In September 2021, Pacific Green went on to secure £23 million in debt finance from Close Leasing to help fund the project, and in May 2022 Green Power Reserves made an equity investment of £13 million for a 50% shareholding in the scheme.

A June 2022 deal for more than £28 million in senior debt allowed the project to reach financial close—and for development to start in earnest.

An outstanding team

To bring the project to fruition, Pacific Green has assembled one of the most experienced teams in the business, led by Christo Hammes, here pictured right with Vincent Bowler, managing director of Richborough Energy Park’s engineering, procurement and construction partner Instalcom.

Hammes and his teammates have a long history of project development in major electric power schemes for organisations such as National Grid, Siemens and Limejump.

As well as delivering engineering and construction services, in May 2022 Instalcom was awarded the operations and maintenance contract for Richborough after it is commissioned. 

Building commences

The second half of 2022 saw Pacific Green readying the site for the delivery of the first battery and power conversion system containers, which started arriving in November.

The timely delivery of the equipment came as global lithium-ion supply chains were under stress and highlighted the importance of Pacific Green’s strong relationships with Chinese suppliers.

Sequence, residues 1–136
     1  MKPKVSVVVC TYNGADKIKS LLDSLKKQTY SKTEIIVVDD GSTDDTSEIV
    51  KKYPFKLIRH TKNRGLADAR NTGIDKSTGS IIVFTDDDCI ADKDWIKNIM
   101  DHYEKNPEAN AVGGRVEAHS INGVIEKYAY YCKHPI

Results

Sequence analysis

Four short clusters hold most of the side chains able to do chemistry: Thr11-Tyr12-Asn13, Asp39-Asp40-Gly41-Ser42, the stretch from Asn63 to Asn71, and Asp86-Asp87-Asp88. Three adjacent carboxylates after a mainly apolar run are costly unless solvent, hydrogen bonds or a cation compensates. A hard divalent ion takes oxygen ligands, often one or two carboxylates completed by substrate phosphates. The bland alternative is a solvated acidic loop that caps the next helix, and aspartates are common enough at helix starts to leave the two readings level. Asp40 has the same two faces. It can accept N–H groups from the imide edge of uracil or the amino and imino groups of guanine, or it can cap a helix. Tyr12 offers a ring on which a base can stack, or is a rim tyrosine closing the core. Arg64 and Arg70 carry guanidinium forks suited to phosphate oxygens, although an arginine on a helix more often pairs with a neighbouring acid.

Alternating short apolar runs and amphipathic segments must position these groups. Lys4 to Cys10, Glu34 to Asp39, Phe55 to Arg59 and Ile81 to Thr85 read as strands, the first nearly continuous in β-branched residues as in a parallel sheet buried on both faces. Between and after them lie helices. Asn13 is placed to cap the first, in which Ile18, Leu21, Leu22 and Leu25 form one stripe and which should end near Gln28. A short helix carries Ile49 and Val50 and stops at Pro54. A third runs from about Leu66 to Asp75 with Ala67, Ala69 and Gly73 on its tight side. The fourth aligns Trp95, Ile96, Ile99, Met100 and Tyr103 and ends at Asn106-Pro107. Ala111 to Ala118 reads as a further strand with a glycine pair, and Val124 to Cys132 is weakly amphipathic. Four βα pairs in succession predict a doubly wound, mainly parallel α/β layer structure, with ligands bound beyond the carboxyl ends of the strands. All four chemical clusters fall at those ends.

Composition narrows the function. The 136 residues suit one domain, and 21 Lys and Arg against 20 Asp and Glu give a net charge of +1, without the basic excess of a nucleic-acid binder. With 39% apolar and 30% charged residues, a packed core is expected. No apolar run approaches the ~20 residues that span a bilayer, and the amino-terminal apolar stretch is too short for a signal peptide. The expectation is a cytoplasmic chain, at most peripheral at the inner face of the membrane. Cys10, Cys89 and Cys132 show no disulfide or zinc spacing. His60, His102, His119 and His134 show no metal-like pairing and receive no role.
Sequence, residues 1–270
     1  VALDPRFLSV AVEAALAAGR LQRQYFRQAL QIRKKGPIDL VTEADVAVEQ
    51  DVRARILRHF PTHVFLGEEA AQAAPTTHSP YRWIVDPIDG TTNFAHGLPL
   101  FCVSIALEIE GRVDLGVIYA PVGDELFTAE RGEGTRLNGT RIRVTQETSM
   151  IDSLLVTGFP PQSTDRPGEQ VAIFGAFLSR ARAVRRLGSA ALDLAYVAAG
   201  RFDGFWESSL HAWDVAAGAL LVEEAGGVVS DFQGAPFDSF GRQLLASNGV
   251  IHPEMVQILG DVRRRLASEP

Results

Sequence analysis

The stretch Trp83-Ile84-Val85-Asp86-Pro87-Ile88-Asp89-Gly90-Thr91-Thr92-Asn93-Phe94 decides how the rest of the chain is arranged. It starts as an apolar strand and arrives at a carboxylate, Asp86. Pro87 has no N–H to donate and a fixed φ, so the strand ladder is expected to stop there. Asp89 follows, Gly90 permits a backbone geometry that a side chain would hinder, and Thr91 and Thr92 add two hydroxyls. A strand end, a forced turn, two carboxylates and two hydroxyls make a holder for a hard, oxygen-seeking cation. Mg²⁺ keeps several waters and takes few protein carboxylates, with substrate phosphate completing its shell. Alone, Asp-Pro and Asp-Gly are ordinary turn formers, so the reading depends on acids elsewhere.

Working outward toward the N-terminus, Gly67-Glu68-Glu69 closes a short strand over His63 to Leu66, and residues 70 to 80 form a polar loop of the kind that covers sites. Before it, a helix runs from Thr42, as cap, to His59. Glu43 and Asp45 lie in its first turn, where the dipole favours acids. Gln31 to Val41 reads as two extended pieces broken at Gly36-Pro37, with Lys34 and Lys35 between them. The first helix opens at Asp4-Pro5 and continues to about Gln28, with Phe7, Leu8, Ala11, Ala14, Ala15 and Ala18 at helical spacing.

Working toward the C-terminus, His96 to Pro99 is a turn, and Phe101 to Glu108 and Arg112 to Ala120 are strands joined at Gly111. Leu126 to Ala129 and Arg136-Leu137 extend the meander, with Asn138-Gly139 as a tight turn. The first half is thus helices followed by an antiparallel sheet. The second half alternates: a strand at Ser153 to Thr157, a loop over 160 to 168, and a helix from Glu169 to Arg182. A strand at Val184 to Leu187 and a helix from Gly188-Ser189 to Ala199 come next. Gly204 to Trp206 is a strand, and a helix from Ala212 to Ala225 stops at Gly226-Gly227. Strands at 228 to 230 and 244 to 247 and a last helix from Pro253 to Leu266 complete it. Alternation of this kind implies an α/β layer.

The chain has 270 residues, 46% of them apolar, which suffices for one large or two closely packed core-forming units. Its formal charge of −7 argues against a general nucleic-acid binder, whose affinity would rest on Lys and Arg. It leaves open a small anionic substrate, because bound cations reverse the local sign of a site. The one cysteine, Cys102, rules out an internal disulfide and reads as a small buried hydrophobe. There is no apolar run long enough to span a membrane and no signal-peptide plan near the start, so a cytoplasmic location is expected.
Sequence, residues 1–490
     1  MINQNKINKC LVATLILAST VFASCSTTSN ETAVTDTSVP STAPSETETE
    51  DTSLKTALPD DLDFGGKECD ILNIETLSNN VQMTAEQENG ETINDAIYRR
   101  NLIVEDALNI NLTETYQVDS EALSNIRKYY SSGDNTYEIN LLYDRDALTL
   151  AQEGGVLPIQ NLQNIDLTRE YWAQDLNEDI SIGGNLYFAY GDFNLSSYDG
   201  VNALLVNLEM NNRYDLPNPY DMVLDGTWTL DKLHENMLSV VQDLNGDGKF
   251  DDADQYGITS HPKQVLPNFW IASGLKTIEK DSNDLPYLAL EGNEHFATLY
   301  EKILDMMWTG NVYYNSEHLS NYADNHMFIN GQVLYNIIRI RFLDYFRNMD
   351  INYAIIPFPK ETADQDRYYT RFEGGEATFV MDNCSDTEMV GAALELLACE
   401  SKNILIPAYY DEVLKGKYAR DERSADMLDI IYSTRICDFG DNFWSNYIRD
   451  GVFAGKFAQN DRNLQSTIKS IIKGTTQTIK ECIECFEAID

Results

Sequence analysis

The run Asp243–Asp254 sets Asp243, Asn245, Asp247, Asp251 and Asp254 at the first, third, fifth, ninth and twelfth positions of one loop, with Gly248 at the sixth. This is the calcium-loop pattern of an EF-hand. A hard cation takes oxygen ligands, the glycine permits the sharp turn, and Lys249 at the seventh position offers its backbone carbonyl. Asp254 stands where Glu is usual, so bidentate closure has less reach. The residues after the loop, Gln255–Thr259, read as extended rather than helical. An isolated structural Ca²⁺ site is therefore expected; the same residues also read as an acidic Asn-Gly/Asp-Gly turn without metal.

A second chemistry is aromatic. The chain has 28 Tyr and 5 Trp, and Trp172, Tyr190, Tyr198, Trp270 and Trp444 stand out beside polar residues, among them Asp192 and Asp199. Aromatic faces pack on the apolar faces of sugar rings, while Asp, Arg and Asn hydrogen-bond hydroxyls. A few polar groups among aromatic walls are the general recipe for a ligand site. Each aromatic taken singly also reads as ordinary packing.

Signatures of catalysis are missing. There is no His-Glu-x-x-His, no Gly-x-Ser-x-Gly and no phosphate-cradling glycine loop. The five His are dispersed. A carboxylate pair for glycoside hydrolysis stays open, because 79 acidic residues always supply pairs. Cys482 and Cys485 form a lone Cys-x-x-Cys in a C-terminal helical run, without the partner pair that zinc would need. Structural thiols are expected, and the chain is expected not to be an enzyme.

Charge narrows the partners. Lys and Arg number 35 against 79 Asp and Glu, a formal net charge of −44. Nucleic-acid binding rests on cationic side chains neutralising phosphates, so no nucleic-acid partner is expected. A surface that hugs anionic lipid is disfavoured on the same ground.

The battery supplier for Richborough is a joint venture between Shanghai Electric Group and Gotion New Technologies that has a 10 GWh production base in Nantong and a further 300 MWh of manufacturing capacity in Kunshan.

Pacific Green’s strategic partnership with this joint venture is intended to ensure minimum disruption in the supply of batteries for Richborough and subsequent projects.

Technological excellence

The 2.9-metre-high, containerised battery systems being installed at Richborough use a chemistry called lithium ferro-phosphate or LFP.

While belonging to the same high-performance family as those used in electric vehicles, LFP batteries have a much lower risk of overheating, making Richborough an inherently safe installation.